What is metano?

n is an open-source software toolbox for analyzing the capabilities of metabolic networks and for assisting in metabolic reconstruction. The software is written in Python and is designed to be easy to use and run reasonably fast. n contains efficient implementations of the established computational methods flux balance analysis (FBA), minimization of metabolic adjustment (MOMA), and flux variability analysis (FVA), as well as a script for automatically analyzing all specified single- or multi-gene knockouts using MOMA or FBA, respectively. In addition, n provides several newly developed methods, including the automated plausibility checking of metabolic models and methods for the metabolite-centric analysis of flux distributions (see our publication).

All methods implemented in n are available both as Python functions and as stand-alone command line scripts, which take lists of reactions in plain ASCII format as input. n is designed to run in any Linux environment. Algorithms with a long running time have been parallelized using MPI, which allows their execution on computer clusters.

As all tools are available as stand-alone scripts that require no adjustment of numerical parameters, n is very easy to use by modelers without any programming experience.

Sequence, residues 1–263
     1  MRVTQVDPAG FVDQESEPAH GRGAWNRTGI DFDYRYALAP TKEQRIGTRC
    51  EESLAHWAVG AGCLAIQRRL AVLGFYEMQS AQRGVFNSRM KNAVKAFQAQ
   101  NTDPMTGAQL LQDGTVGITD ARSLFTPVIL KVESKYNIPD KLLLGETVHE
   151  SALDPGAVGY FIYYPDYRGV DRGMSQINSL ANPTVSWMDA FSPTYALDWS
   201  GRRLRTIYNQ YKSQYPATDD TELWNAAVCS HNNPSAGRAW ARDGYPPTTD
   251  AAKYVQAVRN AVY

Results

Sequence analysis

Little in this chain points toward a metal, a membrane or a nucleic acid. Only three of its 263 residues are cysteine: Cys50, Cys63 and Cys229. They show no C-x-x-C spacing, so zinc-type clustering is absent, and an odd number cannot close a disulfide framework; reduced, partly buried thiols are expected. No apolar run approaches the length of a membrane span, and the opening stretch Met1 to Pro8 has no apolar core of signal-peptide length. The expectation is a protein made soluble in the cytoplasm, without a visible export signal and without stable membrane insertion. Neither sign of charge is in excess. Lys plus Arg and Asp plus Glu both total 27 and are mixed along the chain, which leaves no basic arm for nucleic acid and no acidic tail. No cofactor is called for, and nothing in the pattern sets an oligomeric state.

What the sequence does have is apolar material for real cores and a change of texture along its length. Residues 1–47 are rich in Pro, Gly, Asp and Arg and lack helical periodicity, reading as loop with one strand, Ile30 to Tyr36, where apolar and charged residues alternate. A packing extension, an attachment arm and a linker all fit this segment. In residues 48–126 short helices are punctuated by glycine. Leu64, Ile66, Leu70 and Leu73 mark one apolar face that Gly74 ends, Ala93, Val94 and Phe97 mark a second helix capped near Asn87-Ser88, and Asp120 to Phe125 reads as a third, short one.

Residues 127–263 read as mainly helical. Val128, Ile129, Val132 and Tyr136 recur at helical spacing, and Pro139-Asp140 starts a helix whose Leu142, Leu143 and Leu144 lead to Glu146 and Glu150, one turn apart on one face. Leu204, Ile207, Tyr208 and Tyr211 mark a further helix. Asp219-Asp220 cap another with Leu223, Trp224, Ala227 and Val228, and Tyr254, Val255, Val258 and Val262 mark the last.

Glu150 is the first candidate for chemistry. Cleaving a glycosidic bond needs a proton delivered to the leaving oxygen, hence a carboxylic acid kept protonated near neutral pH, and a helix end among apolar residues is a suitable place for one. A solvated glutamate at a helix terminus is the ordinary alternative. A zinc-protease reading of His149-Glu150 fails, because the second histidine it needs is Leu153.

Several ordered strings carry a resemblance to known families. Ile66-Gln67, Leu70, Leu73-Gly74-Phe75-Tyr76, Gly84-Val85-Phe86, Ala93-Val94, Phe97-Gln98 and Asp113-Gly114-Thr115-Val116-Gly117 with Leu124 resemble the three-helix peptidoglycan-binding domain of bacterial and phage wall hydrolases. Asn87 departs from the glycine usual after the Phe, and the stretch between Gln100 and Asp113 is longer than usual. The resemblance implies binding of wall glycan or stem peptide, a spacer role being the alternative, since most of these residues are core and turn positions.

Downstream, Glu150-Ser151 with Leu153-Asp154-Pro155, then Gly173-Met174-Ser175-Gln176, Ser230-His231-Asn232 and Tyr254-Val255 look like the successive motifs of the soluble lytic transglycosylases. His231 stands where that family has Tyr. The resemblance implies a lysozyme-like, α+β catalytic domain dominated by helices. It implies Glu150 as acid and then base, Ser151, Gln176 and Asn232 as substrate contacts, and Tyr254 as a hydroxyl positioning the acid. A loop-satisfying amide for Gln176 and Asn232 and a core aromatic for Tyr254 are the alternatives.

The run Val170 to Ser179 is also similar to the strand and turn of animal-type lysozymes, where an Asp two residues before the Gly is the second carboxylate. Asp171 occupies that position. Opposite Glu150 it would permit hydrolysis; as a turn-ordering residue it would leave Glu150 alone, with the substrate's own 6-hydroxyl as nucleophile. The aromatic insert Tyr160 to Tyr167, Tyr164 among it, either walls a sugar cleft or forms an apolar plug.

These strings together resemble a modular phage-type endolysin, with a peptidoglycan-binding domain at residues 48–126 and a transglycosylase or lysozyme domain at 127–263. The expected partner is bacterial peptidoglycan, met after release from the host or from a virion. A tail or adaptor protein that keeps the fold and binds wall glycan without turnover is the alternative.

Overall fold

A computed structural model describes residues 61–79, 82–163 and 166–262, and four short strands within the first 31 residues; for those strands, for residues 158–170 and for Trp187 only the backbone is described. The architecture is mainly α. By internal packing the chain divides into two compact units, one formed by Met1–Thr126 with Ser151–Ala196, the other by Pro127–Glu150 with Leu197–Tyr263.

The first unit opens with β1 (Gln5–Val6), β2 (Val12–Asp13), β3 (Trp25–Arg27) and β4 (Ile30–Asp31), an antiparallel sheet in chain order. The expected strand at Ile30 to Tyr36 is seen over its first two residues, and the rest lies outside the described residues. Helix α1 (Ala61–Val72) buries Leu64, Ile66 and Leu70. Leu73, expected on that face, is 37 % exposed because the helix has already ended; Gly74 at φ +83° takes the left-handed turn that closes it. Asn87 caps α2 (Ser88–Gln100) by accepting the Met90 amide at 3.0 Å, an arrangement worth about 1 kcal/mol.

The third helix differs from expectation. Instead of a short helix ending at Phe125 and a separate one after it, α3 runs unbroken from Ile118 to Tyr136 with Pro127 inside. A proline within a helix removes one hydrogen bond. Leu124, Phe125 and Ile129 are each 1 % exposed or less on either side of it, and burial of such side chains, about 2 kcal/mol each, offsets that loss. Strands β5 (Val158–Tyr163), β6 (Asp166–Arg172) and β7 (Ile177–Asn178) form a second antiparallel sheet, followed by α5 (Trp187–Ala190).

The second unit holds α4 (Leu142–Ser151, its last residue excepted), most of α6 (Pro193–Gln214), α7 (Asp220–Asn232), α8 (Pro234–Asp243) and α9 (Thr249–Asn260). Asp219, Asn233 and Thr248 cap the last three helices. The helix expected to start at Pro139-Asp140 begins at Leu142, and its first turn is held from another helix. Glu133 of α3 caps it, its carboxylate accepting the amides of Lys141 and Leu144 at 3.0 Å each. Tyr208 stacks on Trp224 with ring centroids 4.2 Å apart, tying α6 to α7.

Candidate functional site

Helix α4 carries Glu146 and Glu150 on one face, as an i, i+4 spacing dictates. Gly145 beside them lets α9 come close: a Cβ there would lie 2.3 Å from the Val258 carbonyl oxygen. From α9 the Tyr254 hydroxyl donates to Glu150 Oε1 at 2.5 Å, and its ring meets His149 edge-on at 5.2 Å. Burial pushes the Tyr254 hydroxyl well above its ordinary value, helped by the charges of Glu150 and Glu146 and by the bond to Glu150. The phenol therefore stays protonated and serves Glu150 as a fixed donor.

Web-based modeling via MMTB

To complement the stand-alone scripts, we provide MMTB, a web-based toolbox for the generation and analysis of metabolic models. MMTB provides the following:

  • Closing the gap between BKMS and EnzymeDetector: biochemical reactions are associated to genome annotations and prepared for the use in metabolic modeling
  • Further information on metabolites and the assembly of reactions into pathways support during model generation
  • Analysis and visualization of metabolic models: an interface to the modeling toolbox Metano provides online flux balance analysis and a metabolite-centric view of networks

Download metano

The current release of n is available on PyPI You can follow the Installation instructions for Linux distributions or you can run metano in a Docker container with openSUSE as guest OS.

Quick Reference

A quick reference for almost all n functions can be found here.


If you intend to use n for your own published work, we kindly ask that you cite our most recent paper:

Riemer SA, Rex R, Schomburg D. A metabolite-centric view on flux distributions in genome-scale metabolic models. BMC Syst Biol, 7:33 (2013). Free full text